By On the occasion of our 20th anniversary
By Gustavo Arellano
By R. Scott Moxley
By Alfonso Delgado
By Courtney Hamilton
By Joel Beers
By Peter Maguire
By Charles Lam
"I grew up and lived my whole life in Long Beach," said Paul Allen Collins, an architect on the Westside, into the microphone during the Q&A session. "What's wrong with what's going on right now is exactly what's wrong with the United States. Our government is making all these decisions and not listening to what the people want."
The meeting ended with no change to the port's current plans. Afterward, port managing director Douglas A. Thiessen struck a defiant tone. "Let me make it clear," he said. "This is a public-safety facility. There may be an opportunity for one or two of our contractors who work for us to also use that space. But there have been no guarantees given to anyone about who will use this facility."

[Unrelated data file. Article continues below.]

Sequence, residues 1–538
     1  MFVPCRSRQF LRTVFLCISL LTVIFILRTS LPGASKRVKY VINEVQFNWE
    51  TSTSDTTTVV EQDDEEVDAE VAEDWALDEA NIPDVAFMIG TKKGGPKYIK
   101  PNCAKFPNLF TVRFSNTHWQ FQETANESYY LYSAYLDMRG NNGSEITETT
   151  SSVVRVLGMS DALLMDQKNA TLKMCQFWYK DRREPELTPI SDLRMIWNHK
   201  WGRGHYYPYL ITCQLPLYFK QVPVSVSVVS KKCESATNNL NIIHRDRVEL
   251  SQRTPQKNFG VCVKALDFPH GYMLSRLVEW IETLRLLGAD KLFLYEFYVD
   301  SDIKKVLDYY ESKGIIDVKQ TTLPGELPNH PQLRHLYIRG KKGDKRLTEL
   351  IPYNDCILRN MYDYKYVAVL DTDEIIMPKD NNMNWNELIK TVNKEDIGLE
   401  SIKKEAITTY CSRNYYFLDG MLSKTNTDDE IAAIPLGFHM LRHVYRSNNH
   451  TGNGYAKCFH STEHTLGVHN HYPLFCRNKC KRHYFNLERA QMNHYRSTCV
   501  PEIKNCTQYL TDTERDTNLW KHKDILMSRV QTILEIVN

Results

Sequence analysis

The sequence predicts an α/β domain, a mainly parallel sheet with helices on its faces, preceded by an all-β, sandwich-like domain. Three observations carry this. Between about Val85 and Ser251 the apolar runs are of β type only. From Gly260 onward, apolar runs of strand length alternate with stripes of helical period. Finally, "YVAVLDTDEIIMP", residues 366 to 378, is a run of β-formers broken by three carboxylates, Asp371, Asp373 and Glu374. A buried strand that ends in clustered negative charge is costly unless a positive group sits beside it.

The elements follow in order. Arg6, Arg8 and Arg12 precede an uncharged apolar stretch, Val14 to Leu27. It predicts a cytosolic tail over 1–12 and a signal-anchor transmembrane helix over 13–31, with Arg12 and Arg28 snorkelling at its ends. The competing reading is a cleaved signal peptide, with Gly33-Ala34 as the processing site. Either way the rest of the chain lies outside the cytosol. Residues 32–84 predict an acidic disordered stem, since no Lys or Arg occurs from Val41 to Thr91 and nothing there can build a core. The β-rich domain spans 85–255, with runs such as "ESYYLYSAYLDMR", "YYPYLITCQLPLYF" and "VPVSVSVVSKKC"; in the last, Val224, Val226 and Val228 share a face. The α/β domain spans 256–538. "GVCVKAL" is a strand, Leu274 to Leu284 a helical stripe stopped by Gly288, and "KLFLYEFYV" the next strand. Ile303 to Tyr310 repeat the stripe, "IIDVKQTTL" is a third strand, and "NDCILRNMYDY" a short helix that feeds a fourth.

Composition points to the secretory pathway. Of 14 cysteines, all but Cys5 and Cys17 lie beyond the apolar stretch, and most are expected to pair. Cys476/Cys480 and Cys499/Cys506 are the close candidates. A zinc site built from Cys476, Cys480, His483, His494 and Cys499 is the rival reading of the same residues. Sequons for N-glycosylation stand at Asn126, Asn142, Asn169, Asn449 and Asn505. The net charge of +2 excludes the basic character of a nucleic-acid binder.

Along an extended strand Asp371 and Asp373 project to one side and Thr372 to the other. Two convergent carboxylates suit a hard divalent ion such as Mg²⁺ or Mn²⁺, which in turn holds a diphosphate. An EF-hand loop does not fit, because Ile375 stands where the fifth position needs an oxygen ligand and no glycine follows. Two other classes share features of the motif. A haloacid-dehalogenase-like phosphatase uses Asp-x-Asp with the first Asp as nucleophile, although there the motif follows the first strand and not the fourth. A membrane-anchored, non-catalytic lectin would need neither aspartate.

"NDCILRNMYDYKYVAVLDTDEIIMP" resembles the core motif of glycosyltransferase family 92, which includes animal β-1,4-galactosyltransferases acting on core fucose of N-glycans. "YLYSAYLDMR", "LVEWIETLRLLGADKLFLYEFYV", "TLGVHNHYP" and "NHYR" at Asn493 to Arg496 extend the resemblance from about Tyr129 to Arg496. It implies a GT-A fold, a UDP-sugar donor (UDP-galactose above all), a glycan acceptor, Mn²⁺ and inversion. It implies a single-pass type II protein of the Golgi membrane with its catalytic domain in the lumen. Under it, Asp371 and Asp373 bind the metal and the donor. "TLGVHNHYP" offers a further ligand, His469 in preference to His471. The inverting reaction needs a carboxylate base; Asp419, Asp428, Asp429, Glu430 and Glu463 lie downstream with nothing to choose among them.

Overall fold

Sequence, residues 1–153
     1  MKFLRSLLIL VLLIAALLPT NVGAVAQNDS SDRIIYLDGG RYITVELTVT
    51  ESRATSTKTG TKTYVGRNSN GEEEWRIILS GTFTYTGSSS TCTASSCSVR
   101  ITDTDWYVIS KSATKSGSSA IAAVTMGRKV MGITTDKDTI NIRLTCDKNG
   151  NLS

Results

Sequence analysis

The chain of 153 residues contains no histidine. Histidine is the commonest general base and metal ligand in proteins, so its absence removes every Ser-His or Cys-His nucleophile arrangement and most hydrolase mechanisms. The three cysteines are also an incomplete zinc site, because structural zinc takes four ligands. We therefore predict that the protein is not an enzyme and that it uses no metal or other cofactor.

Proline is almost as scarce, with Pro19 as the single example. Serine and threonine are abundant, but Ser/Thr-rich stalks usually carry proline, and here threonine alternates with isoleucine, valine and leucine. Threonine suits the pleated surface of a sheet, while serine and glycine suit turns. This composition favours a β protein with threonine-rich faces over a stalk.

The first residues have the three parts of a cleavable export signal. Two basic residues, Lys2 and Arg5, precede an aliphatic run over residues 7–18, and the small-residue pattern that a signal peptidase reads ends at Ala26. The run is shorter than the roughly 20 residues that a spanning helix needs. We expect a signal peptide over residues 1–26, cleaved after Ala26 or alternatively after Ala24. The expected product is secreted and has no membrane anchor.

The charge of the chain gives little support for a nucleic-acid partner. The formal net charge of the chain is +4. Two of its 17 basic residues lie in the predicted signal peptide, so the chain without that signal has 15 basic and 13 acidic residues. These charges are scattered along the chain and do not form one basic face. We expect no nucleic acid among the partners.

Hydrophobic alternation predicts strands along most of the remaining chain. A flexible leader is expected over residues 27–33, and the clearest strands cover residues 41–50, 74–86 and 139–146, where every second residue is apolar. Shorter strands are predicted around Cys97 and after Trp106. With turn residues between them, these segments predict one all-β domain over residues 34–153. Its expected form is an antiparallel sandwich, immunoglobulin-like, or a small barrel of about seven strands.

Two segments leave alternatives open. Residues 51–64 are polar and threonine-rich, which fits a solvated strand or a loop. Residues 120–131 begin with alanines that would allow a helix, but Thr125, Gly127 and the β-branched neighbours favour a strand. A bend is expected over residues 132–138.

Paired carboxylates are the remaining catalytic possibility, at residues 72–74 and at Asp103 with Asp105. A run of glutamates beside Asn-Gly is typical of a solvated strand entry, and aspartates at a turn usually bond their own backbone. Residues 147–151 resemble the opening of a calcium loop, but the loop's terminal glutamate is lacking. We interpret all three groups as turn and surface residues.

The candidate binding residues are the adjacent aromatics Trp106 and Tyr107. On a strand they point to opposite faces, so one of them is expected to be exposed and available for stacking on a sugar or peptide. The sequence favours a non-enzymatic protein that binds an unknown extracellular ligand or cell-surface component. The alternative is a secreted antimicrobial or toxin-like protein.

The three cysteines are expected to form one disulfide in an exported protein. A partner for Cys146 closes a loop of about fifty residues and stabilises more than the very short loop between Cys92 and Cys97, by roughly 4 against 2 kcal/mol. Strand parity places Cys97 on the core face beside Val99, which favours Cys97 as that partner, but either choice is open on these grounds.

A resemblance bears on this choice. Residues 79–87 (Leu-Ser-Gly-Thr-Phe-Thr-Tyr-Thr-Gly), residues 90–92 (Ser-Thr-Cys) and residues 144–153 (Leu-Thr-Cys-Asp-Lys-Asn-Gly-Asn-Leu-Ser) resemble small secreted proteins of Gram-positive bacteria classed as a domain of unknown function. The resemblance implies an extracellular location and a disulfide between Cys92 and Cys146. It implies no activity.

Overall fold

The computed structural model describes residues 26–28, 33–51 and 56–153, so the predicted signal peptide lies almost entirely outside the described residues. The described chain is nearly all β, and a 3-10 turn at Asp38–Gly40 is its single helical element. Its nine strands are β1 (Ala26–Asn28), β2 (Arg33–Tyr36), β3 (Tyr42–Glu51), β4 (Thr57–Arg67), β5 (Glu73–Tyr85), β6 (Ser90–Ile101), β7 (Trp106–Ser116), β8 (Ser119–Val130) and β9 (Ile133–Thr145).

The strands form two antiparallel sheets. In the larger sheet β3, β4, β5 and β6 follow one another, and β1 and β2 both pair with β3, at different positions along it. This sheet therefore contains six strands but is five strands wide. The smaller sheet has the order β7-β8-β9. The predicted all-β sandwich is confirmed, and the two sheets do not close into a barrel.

But at least one politician offered a glimmer of hope for Berth 55 and Long Beach Sportfishing. Garcia—who represents District 1 on the City Council—stood on middle ground. "I would love to see some sort of compromise in which you could have both," he said after the meeting. "Port officials have said this is not possible. But I would love to see the businesses survive, as well as building the new stations."
This article appeared in print as "Their Berth Rights: Can community activists save two beloved Long Beach businesses from the wrecking ball of port progress?"